A group of vets has said they are concerned by European Commission proposals to legitimise the use of homeopathic remedies for animals.
There are concerns over using homeopathy on animals
In an open letter to the Royal College of Veterinary Surgeons, the group says there is no clinical evidence that homeopathy works.
The vets have signed the letter to the RCVS, calling for it to increase support for conventional medicine.
The RCVS has said it does not take a stance either way on homeopathy.
Professor Derek Knottenbelt, from the University of Liverpool, is spokesman for the group of forty concerned vets, professors and veterinary nurses.
He told BBC Radio Four's Farming Today programme that homeopathic treatments had not gone through the rigorous clinical trials of conventional medicines.
"Homeopathic medicine, in the broadest sense of the word, is unproven, unscientific, and unvalidated," he said.
"In any sense of the word it is an unjustified approach to an ill animal."
The RCVS says it only registers qualified vets and it is up to them whether or not they practise homeopathic medicine alongside their conventional treatments.
Its president, Lynn Hill said: "At the present time the Royal College does believe very strongly in clinical choice both for the veterinary surgeon and also the client."
Homeopathy is the treatment of 'like with like', its supporters say. Minute doses of substances that can cause signs of illness in a healthy person are used to treat the same symptoms in a sick patient.
Some homeopathic practitioners dilute the dose so much that no molecules remain of the substance being diluted - believing that the solution retains a "memory" or imprint" of the substance.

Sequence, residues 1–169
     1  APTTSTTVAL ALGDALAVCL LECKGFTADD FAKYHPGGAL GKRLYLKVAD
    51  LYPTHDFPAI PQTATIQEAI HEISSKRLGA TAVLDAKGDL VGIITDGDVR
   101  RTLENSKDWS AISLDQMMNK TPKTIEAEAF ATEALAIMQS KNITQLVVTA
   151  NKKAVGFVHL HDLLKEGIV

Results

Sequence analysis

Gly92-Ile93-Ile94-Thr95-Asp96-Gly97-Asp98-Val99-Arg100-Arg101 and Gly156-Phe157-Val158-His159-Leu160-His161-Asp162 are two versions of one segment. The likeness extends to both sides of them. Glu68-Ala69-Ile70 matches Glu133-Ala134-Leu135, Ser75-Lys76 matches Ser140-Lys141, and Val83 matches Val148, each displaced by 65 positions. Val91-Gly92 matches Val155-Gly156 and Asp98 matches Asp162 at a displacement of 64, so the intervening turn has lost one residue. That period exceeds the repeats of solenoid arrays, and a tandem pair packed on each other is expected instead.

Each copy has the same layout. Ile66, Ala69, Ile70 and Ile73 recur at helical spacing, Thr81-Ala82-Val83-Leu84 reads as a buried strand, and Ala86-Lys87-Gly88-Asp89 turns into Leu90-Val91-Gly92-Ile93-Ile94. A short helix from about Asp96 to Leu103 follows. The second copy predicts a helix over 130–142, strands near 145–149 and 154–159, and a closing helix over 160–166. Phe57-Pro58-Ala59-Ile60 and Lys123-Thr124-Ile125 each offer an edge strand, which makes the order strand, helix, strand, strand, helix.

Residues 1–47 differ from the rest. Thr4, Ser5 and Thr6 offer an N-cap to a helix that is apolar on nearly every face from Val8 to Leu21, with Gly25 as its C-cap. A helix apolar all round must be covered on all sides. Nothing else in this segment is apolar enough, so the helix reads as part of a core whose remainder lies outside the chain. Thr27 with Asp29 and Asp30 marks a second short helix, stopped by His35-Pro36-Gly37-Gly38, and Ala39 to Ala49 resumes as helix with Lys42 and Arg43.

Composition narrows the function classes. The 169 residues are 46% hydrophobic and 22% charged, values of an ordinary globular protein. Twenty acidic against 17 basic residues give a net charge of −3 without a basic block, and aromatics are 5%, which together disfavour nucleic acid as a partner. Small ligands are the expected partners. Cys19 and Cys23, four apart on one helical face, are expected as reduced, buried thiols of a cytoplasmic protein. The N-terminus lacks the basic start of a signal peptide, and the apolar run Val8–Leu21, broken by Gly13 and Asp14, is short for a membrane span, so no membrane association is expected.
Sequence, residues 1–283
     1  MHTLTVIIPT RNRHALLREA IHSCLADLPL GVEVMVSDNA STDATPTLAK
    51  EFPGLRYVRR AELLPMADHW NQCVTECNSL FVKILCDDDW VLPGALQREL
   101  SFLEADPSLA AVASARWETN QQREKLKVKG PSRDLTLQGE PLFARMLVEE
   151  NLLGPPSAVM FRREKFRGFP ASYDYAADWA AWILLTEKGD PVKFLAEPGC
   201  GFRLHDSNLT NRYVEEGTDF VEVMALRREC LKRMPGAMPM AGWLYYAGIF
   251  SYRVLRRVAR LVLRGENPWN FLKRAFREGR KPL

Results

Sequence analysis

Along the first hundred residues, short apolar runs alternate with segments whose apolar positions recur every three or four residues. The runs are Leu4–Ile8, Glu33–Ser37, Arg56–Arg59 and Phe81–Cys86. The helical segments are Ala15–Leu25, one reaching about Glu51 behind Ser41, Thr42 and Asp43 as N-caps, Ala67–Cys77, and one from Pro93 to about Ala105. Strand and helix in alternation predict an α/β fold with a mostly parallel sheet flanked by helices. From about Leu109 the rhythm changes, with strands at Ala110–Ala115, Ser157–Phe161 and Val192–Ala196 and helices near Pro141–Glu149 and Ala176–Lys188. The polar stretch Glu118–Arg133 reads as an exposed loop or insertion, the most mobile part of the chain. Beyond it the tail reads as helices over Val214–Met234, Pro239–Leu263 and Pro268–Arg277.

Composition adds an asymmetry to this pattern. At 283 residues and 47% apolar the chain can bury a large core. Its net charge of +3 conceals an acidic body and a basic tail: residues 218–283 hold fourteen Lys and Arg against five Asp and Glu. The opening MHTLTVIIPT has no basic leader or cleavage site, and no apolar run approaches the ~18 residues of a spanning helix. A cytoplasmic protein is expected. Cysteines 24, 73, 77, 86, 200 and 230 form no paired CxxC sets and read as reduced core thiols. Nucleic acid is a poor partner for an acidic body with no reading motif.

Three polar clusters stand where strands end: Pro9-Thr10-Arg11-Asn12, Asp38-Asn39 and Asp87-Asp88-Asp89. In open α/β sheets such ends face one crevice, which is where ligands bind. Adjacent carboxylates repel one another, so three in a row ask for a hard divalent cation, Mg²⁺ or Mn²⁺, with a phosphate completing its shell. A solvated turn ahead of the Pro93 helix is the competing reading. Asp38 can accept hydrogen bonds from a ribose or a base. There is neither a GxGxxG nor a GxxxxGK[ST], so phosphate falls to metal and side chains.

The vets who are objecting to homeopathic treatment say none of the remedies have gone through the rigorous clinical trials that usual medicines have to.
Animal welfare risk
Dr Simon Baker, a vet from Essex who signed the letter told the BBC: "Our main concern is that homeopathy is unlikely to benefit animals.
"Very little work has been done with homeopathy and animals at all. The main risk is that if anything does not go well their welfare has suffered.
"There is the potential for things to get worse and worse and homeopathy has the potential to provide explanations for all outcomes, whether things get better or worse.
"If an animal does get worse then it's not had the opportunity to have treatment that might have made them better.
"As vets, it's not our obligation to take regard of the owner's choice if that choice is not for the benefit of the animal's welfare."
But vet John Saxton, president of the faculty of homeopathy at the Royal London Homeopathic Hospital, told BBC News homeopathy was only used, where appropriate, as an "additional tool" in conjunction with conventional medicine.
It was backed up by "basic research, evidence and scientific theories," he added.
But its "great strength" was the ability to approach medical problems from "an entirely different point of view".
Carl Barton, farm manager for the Goodwood Estate in West Sussex, told Farming Today that homeopathy works.
"What one's got to remember is that these beasts we rely on for our livelihood," he said.
"So we're not going to do anything lightly. So we treat them with homeopathy, and it works very well. My herd is case proven."